There is an article on rhino horn trade circulating that is written by Albert Kuller, an economist.


His argument is that if you move from a ban to free trade, more people will want to buy horn when it becomes legal to do so and with greater demand the price will rise and with a higher price poaching will increase.  Therefore trade is a bad thing.

But, he has not considered the option of a “Smart Trade” where a monopoly Central Selling Organization (CSO) could sell to a cartel such as the Traditional Chinese Medicine government hospitals.  In this more sensible arrangement the CSO can determine the price at which horn is sold so as to limit demand to the level of sustainable supplies.

The Chinese government being invested in the legal trade will close down (most of) the illegal trade in poached horn.  Because of the risk of being caught trading in poached horn and being punished by the Chinese police and also the risk of buying fake horn or poisoned horn in the illegal market, the price of poached horn will be much lower than the legal price.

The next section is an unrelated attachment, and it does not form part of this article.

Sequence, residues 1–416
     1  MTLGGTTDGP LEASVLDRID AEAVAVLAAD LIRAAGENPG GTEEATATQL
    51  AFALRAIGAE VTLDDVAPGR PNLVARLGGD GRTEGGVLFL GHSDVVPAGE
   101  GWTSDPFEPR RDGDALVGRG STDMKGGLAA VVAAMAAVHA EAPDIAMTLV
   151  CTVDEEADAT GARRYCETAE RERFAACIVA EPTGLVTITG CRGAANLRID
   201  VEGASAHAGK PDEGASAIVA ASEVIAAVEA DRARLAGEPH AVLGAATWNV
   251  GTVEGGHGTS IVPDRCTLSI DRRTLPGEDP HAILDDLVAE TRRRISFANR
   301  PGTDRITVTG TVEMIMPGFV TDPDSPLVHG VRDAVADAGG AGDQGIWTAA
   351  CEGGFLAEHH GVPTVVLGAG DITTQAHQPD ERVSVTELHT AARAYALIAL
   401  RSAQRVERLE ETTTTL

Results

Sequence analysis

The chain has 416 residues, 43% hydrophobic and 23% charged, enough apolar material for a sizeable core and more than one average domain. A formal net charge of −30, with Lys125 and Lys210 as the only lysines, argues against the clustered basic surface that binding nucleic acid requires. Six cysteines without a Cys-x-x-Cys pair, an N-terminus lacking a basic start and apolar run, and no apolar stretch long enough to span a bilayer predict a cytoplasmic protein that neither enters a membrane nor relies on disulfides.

Poachers “will decrease their output” because the price will be lower.  Speculators in illegal horn, who are currently significant, will turn sellers because the price of illegal horn will fall.  There will be a much smaller overall demand for illegal horn than now.  While “Free Trade” may increase poaching, ‘Smart Trade” will reduce poaching and reduce it substantially.

The assumption here is that China remains the biggest market for horn (90%+) and that the main reason for consumption is for medicinal use, which has been the case for centuries.   Retail cartels, buying from the CSO, can also be established in other consumer countries.

At current prices and current levels of demand South Africa can satisfy the market, sustainably, without having to kill one rhino.  The way to do it is with “Smart Trade” not “Free Trade”.

Rhino 1